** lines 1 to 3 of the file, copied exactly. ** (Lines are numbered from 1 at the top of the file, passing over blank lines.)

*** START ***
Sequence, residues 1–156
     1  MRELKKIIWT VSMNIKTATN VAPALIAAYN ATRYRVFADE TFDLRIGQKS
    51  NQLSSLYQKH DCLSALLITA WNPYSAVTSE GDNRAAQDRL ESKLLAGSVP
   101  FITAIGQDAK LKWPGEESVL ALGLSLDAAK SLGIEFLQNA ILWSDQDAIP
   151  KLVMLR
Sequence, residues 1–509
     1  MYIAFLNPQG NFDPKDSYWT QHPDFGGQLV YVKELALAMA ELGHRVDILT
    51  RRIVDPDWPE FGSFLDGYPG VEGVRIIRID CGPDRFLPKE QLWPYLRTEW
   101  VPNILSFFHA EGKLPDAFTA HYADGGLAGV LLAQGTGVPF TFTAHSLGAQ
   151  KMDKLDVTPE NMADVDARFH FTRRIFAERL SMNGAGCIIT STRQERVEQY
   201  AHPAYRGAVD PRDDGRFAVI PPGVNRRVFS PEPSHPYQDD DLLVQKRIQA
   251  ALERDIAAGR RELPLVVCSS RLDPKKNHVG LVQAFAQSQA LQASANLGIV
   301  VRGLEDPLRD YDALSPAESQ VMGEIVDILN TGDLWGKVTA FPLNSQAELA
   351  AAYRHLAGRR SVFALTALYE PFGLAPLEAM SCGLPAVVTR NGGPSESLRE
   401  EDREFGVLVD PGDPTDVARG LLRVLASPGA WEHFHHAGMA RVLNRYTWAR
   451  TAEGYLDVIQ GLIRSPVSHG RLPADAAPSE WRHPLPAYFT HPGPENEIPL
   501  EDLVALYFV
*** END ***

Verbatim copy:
Sequence, residues 1–156
     1  MRELKKIIWT VSMNIKTATN VAPALIAAYN ATRYRVFADE TFDLRIGQKS
    51  NQLSSLYQKH DCLSALLITA WNPYSAVTSE GDNRAAQDRL ESKLLAGSVP